At OTTO, the restaurant
at One Fifth Avenue, a 1927 Art Deco apartment house at the corner of 8th Street in Greenwich Village, you’re in for some rustic Italian eats courtesy of the media-meal-man of Food Network fame, Mario Batali. He’s often in residence and easy to spot – there’s no mistaking the signature trademarks of thinning ginger frocks and fulsome girth atop the Crocs of this chef and restauranteur extradordinaire.
Years ago we’d stop for a drink at the bar of One Fifth, the longtime restaurant that was all about clubby 20th century dining style. Now, however, instead of a martini and steak you’re likely to be pairing vino to pasta, pizza and antipasti. It’s a good thing that Mr. Batali aims to please your palate as well as your pocket – you’ll be hard pressed to find another restaurant in NYC, or for that fact, America, where an exceptional bowl of fusilli con escarole and sausage comes in at $10. Ditto for tasty thin-crusted pizzas like a Margherita with buffalo mozzarella ($11) and flavor-packed antipasti plates. At OTTO,Get ready for lots of soddisfacente delizioso-ness at this trattoria that is as much neighborhood hangout as it is destination dine.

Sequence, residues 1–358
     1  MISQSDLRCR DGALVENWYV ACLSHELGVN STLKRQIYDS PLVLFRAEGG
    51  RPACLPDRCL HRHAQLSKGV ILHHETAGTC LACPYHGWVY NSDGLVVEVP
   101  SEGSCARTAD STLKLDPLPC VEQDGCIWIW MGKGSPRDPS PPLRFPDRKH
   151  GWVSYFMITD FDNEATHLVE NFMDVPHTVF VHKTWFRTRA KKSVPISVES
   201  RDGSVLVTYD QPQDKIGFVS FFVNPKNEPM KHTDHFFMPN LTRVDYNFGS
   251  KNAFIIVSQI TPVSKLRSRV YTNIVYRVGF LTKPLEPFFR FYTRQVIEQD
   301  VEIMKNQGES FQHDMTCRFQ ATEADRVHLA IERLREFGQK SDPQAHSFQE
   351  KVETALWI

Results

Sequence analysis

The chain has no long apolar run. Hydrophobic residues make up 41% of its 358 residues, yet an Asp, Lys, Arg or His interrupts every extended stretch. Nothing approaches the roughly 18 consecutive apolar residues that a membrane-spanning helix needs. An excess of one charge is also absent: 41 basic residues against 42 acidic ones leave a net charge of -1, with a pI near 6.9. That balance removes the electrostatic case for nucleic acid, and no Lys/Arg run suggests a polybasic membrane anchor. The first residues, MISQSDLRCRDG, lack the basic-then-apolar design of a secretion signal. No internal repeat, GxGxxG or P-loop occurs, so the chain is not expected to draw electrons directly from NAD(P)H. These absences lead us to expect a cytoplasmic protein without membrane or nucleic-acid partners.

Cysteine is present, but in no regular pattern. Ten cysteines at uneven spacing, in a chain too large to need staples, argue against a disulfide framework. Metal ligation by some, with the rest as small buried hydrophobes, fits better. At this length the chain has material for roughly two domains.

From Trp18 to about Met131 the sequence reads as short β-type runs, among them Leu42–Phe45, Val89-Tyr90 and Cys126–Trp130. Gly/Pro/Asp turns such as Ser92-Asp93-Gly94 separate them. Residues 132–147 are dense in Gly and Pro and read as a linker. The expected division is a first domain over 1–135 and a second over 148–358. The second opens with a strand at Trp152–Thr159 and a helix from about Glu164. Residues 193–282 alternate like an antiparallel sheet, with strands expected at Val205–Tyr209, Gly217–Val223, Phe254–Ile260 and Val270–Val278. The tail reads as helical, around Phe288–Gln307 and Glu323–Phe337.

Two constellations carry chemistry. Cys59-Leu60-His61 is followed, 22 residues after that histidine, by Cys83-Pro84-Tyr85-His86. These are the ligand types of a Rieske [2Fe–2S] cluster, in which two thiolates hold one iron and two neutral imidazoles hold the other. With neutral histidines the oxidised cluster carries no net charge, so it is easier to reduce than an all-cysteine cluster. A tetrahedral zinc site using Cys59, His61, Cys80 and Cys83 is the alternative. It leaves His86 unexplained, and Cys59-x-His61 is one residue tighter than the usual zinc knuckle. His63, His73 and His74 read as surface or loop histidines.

About that dine, skip over the dining room – gone are its prewar charms, replaced with a middlebrow hotel sensibility of bad light fixtures and budget-issue furnishings that are all tied together with sensory dulling maroon colored carpeting. Thankfully the front-of-house barroom has a design of its own.
Reminiscent of a train station by way of Italy, stand-at-only counters populate a polished space anchored by a long wide white marble bar. Shelves stocked with wine are a backdrop of the bar packed with regulars and attended by barmen that guard the seats by the kitchen door should Mr. Batali pop-in to hold court. These keepers-of-Mario can be a bit gruff – almost as if they were protective childhood pals – in these otherwise welcoming environs. Even still, they know they’re stuff and are easy to ignore with all the comforts of this bar – the day’s New York Times and Daily News strewn about, the paper-wrapped crusty bread and, of course, the simple yet immensely satisfying arrives-in-no-time-flat you’re-in-Italy fare.